The old mining town is charming and provides the perfect backdrop for their beer experience. They will happily show you around their ‘factory’. It is all set-up in the 16th-century synagogue of the town. Sacrilegious? Perhaps slightly, but you will enjoy it anyway.
Once you are done, head over to the restaurant for some freshly brewed, unfiltered beer, as well as a variety of delicious local dishes.
If you see a craft beer at a bar, order it. Even if you do not see it explicitly mentioned in the next couple of paragraphs. There are now tons of microbreweries around Slovakia and I wouldn’t want you to miss out on something I forgot to mention it. The rule of thumb is: if the locals are drinking it, bottoms up!
Zámocký Pivovar is a must when in Bratislava. It’s just a couple of minutes away from the city’s gothic-Rennaisance castle, yet sadly overlooked by most tourists. With simple dark-wood interior, dominated by a huge brass beer tank, Zámocký Pivovar is the place to get the night started.
Starosloviensky Pivovar is a fancier spot, where you can sample both amazing Slovakian beer and traditional Slovakian goat’s cheese. The entire venue looks very ‘tradition meets luxury’ and they are incredibly proud of all their products. Order Pressburg, their own brew, which is rich in flavour and compliments the cheeses perfectly.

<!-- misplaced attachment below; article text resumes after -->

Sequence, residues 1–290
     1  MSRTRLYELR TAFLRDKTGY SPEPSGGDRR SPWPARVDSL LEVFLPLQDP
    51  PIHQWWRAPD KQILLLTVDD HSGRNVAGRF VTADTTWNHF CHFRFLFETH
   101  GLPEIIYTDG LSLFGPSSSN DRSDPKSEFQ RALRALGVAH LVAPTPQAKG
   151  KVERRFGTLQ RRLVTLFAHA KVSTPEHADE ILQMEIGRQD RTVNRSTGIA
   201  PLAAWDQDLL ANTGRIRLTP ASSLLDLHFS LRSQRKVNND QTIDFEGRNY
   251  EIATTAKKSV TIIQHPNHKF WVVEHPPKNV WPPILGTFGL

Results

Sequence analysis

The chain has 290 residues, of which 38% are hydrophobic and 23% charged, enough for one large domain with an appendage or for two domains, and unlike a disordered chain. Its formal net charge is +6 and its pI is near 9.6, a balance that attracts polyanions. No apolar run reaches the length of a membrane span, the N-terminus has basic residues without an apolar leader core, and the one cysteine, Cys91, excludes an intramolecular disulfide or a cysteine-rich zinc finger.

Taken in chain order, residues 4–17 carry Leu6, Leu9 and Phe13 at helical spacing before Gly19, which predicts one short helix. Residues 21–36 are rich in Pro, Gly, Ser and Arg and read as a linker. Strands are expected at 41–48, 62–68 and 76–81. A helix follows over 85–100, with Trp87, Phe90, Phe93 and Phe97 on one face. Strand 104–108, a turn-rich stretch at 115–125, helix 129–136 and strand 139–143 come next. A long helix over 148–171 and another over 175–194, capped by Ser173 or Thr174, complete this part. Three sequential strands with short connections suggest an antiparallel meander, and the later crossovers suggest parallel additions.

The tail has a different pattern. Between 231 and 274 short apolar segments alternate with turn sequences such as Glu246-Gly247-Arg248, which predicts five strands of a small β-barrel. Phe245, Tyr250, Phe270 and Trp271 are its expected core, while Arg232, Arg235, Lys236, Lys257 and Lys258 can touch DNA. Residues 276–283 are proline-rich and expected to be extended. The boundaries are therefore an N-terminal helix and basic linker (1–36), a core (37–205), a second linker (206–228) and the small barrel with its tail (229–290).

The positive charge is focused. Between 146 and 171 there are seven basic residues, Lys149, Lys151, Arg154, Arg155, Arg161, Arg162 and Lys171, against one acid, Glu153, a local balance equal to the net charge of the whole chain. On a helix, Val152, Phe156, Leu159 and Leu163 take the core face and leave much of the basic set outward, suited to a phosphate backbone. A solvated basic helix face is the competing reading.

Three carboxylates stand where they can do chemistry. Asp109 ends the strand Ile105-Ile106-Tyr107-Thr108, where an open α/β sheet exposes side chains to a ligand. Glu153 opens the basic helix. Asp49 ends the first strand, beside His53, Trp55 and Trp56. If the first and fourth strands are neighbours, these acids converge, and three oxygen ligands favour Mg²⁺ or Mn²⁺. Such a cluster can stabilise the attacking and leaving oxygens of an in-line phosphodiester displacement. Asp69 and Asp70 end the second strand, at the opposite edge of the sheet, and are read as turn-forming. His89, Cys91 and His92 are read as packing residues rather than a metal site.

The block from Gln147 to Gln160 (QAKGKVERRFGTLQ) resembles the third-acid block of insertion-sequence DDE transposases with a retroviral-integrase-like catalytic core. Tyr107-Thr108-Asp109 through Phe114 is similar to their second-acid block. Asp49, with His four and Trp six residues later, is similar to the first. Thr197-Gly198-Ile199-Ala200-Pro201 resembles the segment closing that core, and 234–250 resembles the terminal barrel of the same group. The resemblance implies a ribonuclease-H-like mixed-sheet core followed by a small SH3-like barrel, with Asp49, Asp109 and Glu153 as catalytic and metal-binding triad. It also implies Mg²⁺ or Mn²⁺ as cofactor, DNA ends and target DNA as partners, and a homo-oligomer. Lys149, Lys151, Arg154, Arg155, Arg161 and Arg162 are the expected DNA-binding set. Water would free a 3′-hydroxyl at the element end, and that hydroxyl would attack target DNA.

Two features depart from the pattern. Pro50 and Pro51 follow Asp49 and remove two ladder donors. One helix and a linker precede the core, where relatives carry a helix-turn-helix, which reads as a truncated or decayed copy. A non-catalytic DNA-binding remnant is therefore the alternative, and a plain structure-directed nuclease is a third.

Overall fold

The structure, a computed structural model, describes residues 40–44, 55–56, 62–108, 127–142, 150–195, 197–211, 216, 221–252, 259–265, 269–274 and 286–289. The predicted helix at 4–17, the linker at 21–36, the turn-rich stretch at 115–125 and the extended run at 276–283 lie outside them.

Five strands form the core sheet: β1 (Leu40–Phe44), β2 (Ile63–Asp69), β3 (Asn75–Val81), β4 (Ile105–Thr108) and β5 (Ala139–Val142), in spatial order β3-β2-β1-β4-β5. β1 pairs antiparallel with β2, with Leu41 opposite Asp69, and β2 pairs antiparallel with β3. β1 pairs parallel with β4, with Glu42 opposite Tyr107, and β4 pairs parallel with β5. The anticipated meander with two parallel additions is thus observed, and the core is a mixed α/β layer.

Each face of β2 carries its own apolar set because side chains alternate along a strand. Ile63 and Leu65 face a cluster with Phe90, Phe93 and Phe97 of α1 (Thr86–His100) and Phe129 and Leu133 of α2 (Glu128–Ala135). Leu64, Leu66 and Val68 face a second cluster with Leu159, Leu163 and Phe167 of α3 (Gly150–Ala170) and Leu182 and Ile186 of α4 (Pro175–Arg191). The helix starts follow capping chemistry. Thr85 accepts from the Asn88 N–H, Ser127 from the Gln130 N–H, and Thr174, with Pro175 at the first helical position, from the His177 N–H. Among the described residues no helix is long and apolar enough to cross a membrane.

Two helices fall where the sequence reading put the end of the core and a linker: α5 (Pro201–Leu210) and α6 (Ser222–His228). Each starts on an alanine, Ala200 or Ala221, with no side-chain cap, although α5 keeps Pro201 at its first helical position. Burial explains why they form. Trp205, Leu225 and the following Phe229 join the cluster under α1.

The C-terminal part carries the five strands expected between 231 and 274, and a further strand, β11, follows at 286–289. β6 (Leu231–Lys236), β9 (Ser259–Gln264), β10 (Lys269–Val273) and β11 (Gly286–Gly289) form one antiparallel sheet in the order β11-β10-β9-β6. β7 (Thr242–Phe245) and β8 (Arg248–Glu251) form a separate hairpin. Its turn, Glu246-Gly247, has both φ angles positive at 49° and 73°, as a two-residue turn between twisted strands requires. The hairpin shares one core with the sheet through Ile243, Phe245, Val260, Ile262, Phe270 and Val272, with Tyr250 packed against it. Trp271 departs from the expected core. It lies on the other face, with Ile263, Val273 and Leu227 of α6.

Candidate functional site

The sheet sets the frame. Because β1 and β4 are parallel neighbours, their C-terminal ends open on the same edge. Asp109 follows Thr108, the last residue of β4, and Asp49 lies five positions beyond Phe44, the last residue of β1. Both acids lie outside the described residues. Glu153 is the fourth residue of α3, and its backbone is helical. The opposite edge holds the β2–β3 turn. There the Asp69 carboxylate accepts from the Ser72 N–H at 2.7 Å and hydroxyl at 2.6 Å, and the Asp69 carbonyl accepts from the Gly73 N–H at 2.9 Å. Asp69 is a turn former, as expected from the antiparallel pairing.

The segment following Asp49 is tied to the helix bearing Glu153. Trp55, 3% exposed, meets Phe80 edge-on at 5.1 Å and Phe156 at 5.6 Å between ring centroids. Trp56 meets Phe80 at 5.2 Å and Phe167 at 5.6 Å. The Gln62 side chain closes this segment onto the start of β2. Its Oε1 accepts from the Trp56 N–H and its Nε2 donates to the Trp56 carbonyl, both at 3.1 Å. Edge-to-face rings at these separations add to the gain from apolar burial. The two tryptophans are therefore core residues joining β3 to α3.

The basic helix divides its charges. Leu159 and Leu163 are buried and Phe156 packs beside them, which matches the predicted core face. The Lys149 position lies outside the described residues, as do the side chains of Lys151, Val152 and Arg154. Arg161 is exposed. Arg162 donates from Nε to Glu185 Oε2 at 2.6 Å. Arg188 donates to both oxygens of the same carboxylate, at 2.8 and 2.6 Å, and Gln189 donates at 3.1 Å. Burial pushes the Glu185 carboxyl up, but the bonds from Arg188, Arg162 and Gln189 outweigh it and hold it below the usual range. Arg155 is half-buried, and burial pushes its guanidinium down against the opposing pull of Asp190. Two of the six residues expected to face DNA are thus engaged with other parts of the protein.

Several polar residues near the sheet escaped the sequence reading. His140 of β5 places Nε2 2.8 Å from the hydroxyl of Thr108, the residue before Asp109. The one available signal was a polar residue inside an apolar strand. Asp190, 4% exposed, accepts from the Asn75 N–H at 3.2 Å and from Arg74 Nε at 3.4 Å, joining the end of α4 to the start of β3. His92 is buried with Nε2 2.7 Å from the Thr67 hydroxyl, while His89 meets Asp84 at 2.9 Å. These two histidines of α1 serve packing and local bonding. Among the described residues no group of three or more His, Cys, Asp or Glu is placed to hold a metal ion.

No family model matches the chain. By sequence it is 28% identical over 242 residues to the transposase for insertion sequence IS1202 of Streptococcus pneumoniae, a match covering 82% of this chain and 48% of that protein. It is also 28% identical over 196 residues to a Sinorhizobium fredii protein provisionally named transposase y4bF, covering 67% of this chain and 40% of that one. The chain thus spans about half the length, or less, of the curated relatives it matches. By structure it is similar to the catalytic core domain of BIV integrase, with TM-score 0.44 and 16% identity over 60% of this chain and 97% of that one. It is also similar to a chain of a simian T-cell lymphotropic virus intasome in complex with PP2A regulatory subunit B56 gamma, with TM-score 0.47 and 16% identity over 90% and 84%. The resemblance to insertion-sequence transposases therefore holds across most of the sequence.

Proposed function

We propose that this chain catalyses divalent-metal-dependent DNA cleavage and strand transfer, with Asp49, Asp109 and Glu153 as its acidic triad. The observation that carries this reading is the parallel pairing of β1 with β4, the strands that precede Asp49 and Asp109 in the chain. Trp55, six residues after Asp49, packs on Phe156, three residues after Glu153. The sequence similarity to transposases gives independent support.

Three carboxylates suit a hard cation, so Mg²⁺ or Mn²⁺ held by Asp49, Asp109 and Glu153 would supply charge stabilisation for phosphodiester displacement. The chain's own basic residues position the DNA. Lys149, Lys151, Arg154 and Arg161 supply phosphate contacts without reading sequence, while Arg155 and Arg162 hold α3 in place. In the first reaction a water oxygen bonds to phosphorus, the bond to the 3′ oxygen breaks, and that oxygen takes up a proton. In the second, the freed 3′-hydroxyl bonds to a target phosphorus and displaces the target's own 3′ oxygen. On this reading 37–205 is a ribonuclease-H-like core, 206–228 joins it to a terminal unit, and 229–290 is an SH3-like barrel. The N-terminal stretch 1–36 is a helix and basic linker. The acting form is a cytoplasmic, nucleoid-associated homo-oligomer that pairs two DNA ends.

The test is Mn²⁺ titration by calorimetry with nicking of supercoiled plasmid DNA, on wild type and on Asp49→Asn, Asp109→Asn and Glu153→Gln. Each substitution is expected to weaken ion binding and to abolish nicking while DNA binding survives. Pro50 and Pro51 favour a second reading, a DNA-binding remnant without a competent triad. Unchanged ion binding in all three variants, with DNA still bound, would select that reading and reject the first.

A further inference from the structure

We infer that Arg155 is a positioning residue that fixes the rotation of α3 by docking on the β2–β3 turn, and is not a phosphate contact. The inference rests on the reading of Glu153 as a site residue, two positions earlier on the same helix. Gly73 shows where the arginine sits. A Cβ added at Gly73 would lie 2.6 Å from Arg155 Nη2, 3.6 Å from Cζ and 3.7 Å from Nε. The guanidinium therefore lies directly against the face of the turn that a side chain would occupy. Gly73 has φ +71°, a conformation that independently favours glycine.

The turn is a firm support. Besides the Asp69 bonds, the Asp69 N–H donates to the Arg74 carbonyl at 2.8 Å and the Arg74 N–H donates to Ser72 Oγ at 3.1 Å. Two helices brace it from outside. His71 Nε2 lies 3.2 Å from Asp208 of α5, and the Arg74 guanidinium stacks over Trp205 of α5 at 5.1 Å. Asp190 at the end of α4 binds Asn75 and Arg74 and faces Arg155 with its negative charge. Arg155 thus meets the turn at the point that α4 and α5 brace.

Try Egidius Brewery for your all of your aprés-ski alcohol needs. Right in the centre of Poprad, it’s a brewery within a bar and they serve a surprising variety of both local and foreign beers. As usual, my tip is to go with their own, locally-brewed beer, if only to avoid dirty looks from the waiters (which are inevitable if you order Guinness). Although Egidius do serve food, I’d say try the restaurant next door and then pop into the bar for drinks.
Meštiansky Pivovar is definitely not off the beaten track. This central restaurant/ bar/ microbrewery is always bustling – weeknights and weekends alike. Locals and tourists alike adore Meštiansky Pivovar and keep coming back. Here is a comprehensive list on why it’s a Bratislava staple:
In conclusion, if you only have 8 hours in Bratislava, this is the microbrewery to visit. Of course, they get extra points for feeding you well, too. Besides, who knows, you might even cross eyes with a Slovakian cutie in there. Yes, women in Slovakia love their beer and they’re not ashamed to admit it.
What are your favourite aspects of Slovakian beer culture? Have you go any fun or embarrassing (or both) stories to share?
Say ‘Hi’ to us in the comments below! Happy travels… And drink responsibly, Western tourists already have a nasty enough reputation in nearby Prague.